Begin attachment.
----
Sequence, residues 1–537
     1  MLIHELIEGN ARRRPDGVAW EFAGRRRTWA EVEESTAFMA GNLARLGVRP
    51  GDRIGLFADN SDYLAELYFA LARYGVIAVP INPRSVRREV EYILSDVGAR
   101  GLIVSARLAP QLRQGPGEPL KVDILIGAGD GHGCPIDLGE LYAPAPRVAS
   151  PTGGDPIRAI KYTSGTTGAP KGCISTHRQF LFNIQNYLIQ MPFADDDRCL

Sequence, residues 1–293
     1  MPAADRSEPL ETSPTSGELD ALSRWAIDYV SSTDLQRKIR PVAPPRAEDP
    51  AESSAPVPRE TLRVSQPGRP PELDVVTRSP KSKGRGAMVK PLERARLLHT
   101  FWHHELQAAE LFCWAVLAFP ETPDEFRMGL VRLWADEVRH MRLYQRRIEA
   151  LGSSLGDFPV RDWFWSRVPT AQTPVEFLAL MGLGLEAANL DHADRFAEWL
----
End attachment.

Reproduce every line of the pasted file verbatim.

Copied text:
Sequence, residues 1–537
     1  MLIHELIEGN ARRRPDGVAW EFAGRRRTWA EVEESTAFMA GNLARLGVRP
    51  GDRIGLFADN SDYLAELYFA LARYGVIAVP INPRSVRREV EYILSDVGAR
   101  GLIVSARLAP QLRQGPGEPL KVDILIGAGD GHGCPIDLGE LYAPAPRVAS
   151  PTGGDPIRAI KYTSGTTGAP KGCISTHRQF LFNIQNYLIQ MPFADDDRCL

Sequence, residues 1–293
     1  MPAADRSEPL ETSPTSGELD ALSRWAIDYV SSTDLQRKIR PVAPPRAEDP
    51  AESSAPVPRE TLRVSQPGRP PELDVVTRSP KSKGRGAMVK PLERARLLHT
   101  FWHHELQAAE LFCWAVLAFP ETPDEFRMGL VRLWADEVRH MRLYQRRIEA
   151  LGSSLGDFPV RDWFWSRVPT AQTPVEFLAL MGLGLEAANL DHADRFAEWL